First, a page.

The Blurb On The Back:
Nine students. Three blood sports. One deadly weekend.
It is the autumn term and Greer MacDonald is struggling to settle into sixth form at the exclusive St Aidan the Great boarding school, known to its privileged pupils as STAGS. Just when she thinks she’ll never make any friends, Greer receives a mysterious invitation with three words embossed upon it: huntin’ shootin’ fishin’.
When Greer learns that the invitation is to spend the half-term weekend at the country manor of Henry de Warlencourt, the most popular and wealthy boy at STAGS, she is as surprised as she is flattered.
But when she joins the chosen few at the ancient and sprawling Longcross Hall, it becomes apparent that Henry’s parents are not at home … and that the only adults present are a cohort of eerily compliant servants. The students are at the mercy of their volatile host.
Over the next three days, as the three blood sports – hunting, shooting and fishing – become increasingly sadistic, Greer comes to a horrifying realisation … It’s not the wild game that Henry is hunting, but the very misfits he’s brought with him from school.
The Review (Cut For Spoilers):
16-year-old Greer MacDonald grew up in with her dad (a wildlife cameraman) after her mum walked out when Greer was a baby. When Greer’s dad gets a two-year job overseas, her teacher talks her into taking the scholarship exam for St Aidan the Great School or S.T.A.G.S. (an exclusive boarding school). Although Greer gets into the Sixth Form, her classmates ostracise her, which is why she’s surprised when Henry de Warlencourt (the most popular boy in the school) invites her to join him and the other Medievals (the School’s 6 prefects who form the most exclusive clique) to an exclusive weekend of huntin’, shootin’ and fishin’ at his family’s stately home.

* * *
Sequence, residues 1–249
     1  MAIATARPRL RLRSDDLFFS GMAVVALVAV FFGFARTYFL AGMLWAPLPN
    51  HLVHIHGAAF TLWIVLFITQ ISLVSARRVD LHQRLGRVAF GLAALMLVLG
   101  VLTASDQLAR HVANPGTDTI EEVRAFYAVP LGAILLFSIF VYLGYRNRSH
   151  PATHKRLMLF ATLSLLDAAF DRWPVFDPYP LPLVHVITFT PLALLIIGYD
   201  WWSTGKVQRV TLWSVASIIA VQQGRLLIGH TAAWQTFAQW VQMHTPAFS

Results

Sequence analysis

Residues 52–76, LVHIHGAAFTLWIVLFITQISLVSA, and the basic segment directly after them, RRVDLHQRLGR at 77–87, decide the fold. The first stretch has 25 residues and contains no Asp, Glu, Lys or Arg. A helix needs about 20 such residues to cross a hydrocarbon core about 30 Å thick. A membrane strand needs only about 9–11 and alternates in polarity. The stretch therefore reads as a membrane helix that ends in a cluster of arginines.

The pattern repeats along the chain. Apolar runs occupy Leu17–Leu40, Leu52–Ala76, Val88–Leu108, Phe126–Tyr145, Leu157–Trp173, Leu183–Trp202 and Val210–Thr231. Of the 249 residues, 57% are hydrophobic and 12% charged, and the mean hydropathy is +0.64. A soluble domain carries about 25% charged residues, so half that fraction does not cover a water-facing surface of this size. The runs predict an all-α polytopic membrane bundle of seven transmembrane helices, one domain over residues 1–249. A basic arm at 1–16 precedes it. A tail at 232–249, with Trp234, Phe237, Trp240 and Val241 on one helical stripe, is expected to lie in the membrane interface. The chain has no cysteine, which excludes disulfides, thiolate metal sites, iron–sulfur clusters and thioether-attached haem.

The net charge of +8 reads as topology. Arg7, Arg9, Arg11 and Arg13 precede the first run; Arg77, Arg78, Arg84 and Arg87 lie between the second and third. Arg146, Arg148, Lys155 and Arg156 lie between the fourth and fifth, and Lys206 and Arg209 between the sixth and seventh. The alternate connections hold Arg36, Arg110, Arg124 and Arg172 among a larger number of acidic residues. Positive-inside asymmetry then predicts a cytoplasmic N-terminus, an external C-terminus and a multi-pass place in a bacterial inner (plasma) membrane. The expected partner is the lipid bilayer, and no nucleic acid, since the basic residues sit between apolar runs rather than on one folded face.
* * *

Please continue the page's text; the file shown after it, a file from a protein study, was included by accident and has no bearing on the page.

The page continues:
Also attending the weekend are Chanel (the daughter of the man who invented a must-have smartphone and who’s desperate to be accepted by the Medievals) and Shafeen (the son of an Indian banker who’s frequently taunted about his race). Greer soon realises that something about the weekend is terribly wrong – the only adults are Henry’s biddable servants and it quickly becomes obvious that the Medievals are keen on a very human form of prey …
M. A. Bennett’s debut YA novel is a predictable thriller that can’t escape the flaws in its premise and is further hampered by bland characterisation (notably of the antagonist who never rises above the page) and Bennett’s reliance on referring to films as a shorthand for description.
Although Henry’s reasons for hosting the weekend would make sense in a pre-social media world when it would be easier to conceal the activities of the Medievals, I don’t think it rang true in the modern world where teenagers are rarely without mobile phones (even when asked not to bring them) and people are quick to turn to the media when tragedy strikes. I also wasn’t really clear what the purpose of the weekend was – is it to cow the victims into submission or to eradicate them completely – and it’s made murky by the late inclusion of a conspiracy element that unfortunately made me switch off from the book completely.
Greer’s quirk of constantly describing people, places and scenes by reference to films rapidly grated with me and everyone else is thinly characterised and interchangeable to the point of caricature, particularly Henry who never convinced as a charmer.
Ultimately the book was too flawed for me to enjoy although I may check out Bennett’s next book.
S.T.A.G.S will be released in the United Kingdom on 10th August 2017. Thanks to the Amazon Vine Programme for the ARC of this book.